Microvenator

Name: Microvenator ‭(‬small hunter‭)‬.
Phonetic: My-kro-ven-ah-tor.
Named By: John Ostrom‭ ‬-‭ ‬1970.
Classification: Chordata,‭ ‬Reptilia,‭ ‬Dinosauria,‭ ‬Saurischia,‭ ‬Theropoda,‭ ‬Oviraptorosauria,‭ ‬Caenagnathidae.
Species: M.‭ ‬celer‭ (‬type‭)‬,‭ ‬M.‭ ‬chagyabi.
Diet: Uncertain.
Size: Holotype is estimated at about‭ ‬1.2‭ ‬meters long,‭ ‬but this is of a juvenile.‭ ‬Adult size roughly estimated at about‭ ‬3‭ ‬meters long.
Known locations: USA,‭ ‬Montana‭ ‬-‭ ‬Cloverly Formation.‭ ‬Wyoming‭ ‬-‭ ‬Cloverly Formation.
Time period: Albian of the Cretaceous.
Fossil representation: Partial remains.

       The holotype individual of Microvenator was first discovered by the famed American palaeontologist Barnum Brown in‭ ‬1933.‭ ‬Brown noted that the holotype individual had what he thought was a disproportionately large head,‭ ‬and so came up with the name Megadontosaurus.‭ ‬A reference to the large head,‭ ‬but also the teeth found near it.‭ ‬Two problems occurred however.‭ ‬The first is that the teeth attributed to this dinosaur actually came from the dromaeosaurid Deinonychus,‭ ‬one of the more common predatory small theropod dinosaurs living in North America during the later stages of the Early Cretaceous.‭ ‬Second,‭ ‬the name Megadontosaurus was never actually published,‭ ‬meaning it was never recorded as valid.
       After studying the partial remains of this dinosaur,‭ ‬another palaeontologist named John Ostrom used this to formally describe the genus Microvenator which means small hunter,‭ ‬a reference to the small body size of the holotype individual.‭ ‬Ostrom also added a tooth‭ (‬YPM‭ ‬5366‭) ‬from a Yale Peabody Museum collection to the genus.‭ ‬Then in‭ ‬1998‭ ‬a study by Mackovicky and Sues finally shed some clearer light upon this dinosaur.‭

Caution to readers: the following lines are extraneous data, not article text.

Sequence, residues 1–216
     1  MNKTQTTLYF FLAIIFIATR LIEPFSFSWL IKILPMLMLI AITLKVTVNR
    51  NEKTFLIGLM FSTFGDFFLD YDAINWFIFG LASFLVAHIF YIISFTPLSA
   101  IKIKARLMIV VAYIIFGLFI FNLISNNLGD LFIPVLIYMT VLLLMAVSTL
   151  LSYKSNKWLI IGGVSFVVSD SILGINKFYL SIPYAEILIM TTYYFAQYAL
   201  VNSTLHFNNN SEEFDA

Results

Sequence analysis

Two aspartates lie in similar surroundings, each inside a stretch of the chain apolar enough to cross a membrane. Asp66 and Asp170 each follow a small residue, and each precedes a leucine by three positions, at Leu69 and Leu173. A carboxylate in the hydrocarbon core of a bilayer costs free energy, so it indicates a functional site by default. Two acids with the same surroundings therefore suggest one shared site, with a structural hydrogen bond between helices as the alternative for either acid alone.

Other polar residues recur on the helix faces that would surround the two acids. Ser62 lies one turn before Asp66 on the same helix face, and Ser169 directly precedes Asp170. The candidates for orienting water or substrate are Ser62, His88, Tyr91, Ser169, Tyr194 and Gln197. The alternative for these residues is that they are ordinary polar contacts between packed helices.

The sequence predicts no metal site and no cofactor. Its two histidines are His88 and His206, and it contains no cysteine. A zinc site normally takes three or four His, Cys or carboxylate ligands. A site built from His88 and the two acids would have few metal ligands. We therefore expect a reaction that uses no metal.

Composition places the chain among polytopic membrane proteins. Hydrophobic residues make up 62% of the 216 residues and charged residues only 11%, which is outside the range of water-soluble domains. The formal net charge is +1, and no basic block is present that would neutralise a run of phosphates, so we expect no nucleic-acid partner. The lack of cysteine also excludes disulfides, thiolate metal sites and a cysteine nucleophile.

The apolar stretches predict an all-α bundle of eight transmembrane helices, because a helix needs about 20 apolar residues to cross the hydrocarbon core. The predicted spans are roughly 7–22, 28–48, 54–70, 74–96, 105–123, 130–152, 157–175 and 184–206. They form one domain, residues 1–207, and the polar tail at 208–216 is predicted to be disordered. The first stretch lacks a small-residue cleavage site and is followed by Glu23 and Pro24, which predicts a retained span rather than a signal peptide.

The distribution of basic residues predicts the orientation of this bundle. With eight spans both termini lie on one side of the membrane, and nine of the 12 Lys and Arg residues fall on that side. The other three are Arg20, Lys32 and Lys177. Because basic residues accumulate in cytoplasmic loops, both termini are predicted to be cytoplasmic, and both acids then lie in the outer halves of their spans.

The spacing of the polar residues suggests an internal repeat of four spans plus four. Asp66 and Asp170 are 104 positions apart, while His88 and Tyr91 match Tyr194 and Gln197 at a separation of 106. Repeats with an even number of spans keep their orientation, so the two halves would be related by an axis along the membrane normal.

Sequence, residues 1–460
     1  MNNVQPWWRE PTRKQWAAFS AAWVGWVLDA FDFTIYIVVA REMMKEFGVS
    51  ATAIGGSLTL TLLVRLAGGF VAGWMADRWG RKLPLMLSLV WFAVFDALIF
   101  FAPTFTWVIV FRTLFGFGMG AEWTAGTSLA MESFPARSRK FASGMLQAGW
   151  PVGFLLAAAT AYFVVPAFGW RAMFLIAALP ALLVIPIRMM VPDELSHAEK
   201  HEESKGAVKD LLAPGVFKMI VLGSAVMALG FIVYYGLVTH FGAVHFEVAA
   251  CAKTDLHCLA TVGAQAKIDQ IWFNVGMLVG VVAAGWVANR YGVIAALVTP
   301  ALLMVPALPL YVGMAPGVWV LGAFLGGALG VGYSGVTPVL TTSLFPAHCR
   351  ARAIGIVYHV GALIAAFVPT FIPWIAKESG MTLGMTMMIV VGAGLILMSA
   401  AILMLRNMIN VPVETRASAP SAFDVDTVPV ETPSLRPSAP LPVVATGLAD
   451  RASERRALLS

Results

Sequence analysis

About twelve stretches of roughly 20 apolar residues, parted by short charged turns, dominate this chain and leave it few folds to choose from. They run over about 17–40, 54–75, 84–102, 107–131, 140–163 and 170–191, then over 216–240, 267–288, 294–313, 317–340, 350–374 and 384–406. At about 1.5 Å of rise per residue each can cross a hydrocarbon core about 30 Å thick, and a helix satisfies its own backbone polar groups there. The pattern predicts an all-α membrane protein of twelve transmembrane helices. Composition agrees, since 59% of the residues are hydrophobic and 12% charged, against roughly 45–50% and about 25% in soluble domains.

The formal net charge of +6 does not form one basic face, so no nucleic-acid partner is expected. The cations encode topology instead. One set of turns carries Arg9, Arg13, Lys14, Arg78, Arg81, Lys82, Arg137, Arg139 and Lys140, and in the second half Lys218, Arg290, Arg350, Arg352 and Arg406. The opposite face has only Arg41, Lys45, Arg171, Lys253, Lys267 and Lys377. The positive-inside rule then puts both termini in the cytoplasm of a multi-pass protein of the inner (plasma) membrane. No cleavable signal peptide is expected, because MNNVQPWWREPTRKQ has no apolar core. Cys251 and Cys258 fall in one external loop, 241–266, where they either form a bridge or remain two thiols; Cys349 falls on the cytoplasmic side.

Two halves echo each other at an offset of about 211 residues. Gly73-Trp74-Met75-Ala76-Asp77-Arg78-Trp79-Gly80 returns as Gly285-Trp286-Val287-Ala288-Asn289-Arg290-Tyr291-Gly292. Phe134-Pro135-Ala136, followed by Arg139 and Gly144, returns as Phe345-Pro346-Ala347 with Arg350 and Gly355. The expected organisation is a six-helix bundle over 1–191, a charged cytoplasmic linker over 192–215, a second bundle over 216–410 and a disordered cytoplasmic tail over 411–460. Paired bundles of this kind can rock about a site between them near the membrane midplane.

Microvenator is now known to have been an oviraptosaurid dinosaur,‭ ‬and since it was living‭ ‬in‭ ‬what is now the USA during the Albian of the Cretaceous,‭ ‬it is at the time of writing the earliest known genus of oviraptosaur that lived in North America.‭ ‬This also explains Browns original interpretation of this dinosaur having an unusually large head.‭ ‬Brown only ever‭ ‬had‭ ‬partial fragmentary remains of the skull and lower jaw to study,‭ ‬so he never knew for certain the true form,‭ ‬but oviraptosaurs generally do have skulls that are larger and bulkier than those seen in other theropod dinosaurs.‭ ‬Oviraptosaurs however usually also have toothless jaws,‭ ‬again confirming that the Deinonychus teeth should not have been included,‭ ‬but also supporting the conclusion by Mackovicky and Sues that the tooth YPM‭ ‬5366‭ ‬should not be included in with the genus.

Further reading
-‭ ‬Stratigraphy and paleontology of the Cloverly Formation‭ (‬Lower Cretaceous‭) ‬of the Bighorn Basin area,‭ ‬Wyoming and Montana.‭ ‬-‭ ‬Peabody Museum Bulletin‭ ‬35:1-234.‭ ‬-‭ ‬J.‭ ‬H.‭ ‬Ostrom‭ ‬-‭ ‬1970.
-‭ ‬Anatomy and phylogenetic relationships of the Theropod Dinosaur Microvenator celer from the Lower Cretaceous of Montana.‭ ‬-‭ ‬American Museum Novitates.‭ ‬Number‭ ‬3240,‭ ‬27pp.‭ ‬27‭ ‬August‭ ‬1998.‭ ‬-‭ ‬Peter J.‭ ‬Mackovicky‭ & ‬Hans-Dieter Sues‭ ‬-‭ ‬1998.
-‭ ‬Late Cretaceous oviraptorosaur‭ (‬Theropoda‭) ‬dinosaurs from Montana,‭ ‬by D.‭ ‬J.‭ ‬Varricchio.‭ ‬In Mesozoic Vertebrate Life.‭ ‬Indiana University Press,‭ ‬Indianapolis,‭ ‬Indiana,‭ ‬pp‭ ‬42-57,‭ ‬D.‭ ‬H.‭ ‬Tanke‭ & ‬K.‭ ‬Carpenter‭ (‬eds‭)‬.



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